New Publication in Physical Review Letters Limits of Measurability of Quantum Jumps Pushed Back


Correct counting determines our modern life – be it the bits in a computer with their two states, the number of positive coronatests, or generally any system that has countable events. But the faster counting is done and the smaller the signals involved are, the more likely data can get lost in the noise. Theoretical physicist Eric Kleinherbers of SFB1242 and CENIDE now developed a new tool with colleagues inside that sheds more light on such data.

Counting statistics are particularly important in the quantum world. Modern measuring instruments are so sensitive that they can detect single quantum jumps. Limiting factors are the time resolution of the detector, the background noise, and the observation time. In addition, detection errors distort the measured information, leading to no or incorrect conclusions about the underlying quantum dynamics.

For their work, the researchers used so-called self-assembled quantum dots, which have similar properties to individual atoms, and employed a trick. The quantum dot is excited with a laser and radiates back light particles (photons) as long as it is "empty." If an additional electron enters the quantum dot, the light current breaks off. Thus, the photons can be used to record the electron occupation in real time, which can then be statistically analyzed.

To test how robust the new evaluation algorithm is, data was intentionally deleted from the original data set, simulating a faulty measurement. "These were typical experimental errors: signals that are too fast for the detector and are therefore "missed" or a spike in the noise that fakes a signal" explains Eric Kleinherbers, lead author of the study. By comparing the original readings with the erroneous data, the researchers were able to demonstrate that the new method of analysis is much more error-tolerant than the standard methods of statistical analysis used previously. This makes the actual behavior of electrons and photons more visible, shedding light on the quantum world. "It's a bit like trying to put a screw in the wall with an improper screwdriver until now," Kleinherbers explains. "It works, but it's not pretty. Now we have the right tool for analyzing the data."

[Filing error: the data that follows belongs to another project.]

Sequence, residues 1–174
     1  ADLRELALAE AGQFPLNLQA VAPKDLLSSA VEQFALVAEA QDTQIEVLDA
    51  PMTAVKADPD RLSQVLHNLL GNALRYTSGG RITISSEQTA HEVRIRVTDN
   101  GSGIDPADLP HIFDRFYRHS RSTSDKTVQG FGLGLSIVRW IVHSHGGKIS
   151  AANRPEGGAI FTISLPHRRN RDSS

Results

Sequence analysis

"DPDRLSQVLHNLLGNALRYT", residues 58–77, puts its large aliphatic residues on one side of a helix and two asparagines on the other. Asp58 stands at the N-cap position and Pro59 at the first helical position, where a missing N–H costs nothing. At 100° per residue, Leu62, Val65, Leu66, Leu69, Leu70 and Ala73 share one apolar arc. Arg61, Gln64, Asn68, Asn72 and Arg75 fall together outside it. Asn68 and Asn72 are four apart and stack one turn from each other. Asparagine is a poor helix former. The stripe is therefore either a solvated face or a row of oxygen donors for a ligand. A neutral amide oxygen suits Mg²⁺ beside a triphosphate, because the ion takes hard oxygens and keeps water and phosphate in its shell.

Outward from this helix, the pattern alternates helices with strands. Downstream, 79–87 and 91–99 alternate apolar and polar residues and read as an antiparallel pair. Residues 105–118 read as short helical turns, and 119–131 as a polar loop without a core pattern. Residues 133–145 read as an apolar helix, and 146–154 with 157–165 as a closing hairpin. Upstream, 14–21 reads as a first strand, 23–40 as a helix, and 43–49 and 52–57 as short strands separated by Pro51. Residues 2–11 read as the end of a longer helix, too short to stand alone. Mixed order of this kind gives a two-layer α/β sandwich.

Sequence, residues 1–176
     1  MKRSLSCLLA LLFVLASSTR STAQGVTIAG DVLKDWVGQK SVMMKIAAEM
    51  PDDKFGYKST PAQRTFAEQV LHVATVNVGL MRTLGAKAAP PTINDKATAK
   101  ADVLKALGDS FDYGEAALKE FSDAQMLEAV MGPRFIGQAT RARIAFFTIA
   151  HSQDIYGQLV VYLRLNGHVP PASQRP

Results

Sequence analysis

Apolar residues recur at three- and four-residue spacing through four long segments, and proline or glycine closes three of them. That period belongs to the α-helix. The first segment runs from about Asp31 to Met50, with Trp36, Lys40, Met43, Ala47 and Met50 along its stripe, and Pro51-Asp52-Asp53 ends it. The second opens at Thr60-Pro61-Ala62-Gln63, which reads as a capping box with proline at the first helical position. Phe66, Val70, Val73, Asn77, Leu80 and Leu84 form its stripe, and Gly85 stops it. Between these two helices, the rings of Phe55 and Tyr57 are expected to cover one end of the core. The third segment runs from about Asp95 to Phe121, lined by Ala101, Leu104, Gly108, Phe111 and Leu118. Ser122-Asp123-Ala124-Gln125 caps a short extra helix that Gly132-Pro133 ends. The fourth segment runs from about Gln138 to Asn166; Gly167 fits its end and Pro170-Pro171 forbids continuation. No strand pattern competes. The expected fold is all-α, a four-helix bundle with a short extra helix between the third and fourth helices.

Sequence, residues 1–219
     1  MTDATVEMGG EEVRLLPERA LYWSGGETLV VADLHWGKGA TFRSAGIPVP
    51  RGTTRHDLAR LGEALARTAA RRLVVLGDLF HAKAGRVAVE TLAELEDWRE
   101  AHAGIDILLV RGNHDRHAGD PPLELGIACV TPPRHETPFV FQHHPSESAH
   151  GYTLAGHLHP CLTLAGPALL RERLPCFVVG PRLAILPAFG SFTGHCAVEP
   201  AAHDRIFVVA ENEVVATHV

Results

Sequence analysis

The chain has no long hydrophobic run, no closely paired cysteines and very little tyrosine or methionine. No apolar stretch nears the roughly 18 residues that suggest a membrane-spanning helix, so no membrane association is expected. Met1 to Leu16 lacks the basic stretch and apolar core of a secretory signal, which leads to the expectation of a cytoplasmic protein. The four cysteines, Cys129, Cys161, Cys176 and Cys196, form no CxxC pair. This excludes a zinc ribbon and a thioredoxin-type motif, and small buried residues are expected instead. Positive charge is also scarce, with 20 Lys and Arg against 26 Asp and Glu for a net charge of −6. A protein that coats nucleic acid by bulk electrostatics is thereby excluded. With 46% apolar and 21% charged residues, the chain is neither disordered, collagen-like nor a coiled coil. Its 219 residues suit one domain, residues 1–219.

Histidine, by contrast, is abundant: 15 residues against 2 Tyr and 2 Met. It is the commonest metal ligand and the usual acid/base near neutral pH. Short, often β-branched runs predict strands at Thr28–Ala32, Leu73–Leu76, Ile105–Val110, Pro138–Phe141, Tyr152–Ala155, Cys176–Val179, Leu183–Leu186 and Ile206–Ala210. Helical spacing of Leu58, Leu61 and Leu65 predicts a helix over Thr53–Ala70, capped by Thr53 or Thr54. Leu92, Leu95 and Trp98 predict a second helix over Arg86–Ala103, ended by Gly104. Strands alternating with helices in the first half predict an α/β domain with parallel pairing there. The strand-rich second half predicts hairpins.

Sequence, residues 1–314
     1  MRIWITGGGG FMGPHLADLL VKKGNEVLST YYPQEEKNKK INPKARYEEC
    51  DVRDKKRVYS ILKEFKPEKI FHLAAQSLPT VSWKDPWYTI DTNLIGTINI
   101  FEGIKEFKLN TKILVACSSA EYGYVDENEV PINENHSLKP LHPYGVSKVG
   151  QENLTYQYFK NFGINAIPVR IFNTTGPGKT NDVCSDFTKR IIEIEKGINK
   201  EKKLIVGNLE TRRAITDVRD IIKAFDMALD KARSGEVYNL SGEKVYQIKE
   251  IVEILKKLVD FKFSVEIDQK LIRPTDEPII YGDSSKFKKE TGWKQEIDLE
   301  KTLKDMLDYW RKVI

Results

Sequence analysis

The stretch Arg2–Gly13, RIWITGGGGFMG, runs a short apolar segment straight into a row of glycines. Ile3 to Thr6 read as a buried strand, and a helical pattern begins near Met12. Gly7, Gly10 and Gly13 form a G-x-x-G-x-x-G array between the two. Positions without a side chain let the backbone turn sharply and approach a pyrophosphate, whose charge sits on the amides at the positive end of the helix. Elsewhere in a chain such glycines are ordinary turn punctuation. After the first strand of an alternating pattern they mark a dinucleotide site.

Counting statistics are everywhere: in the evaluation of nerve signals as well as in radioactive decay, in microelectronics as well as in magnetism. While experimental physicists are constantly coming up with new measurement techniques and experiments, theorists are also pushing the boundaries of feasibility with new evaluation methods. The developed method is not only interesting for new measurement results – existing data can now also be examined more closely, as Kleinherbers says. "We are in close exchange with colleagues who now want to see what else might be hidden in their data."

The results were published March 23, 2022, in the journal Physical Review Letters.

DOI: www.doi.org/10.1103/PhysRevLett.128.087701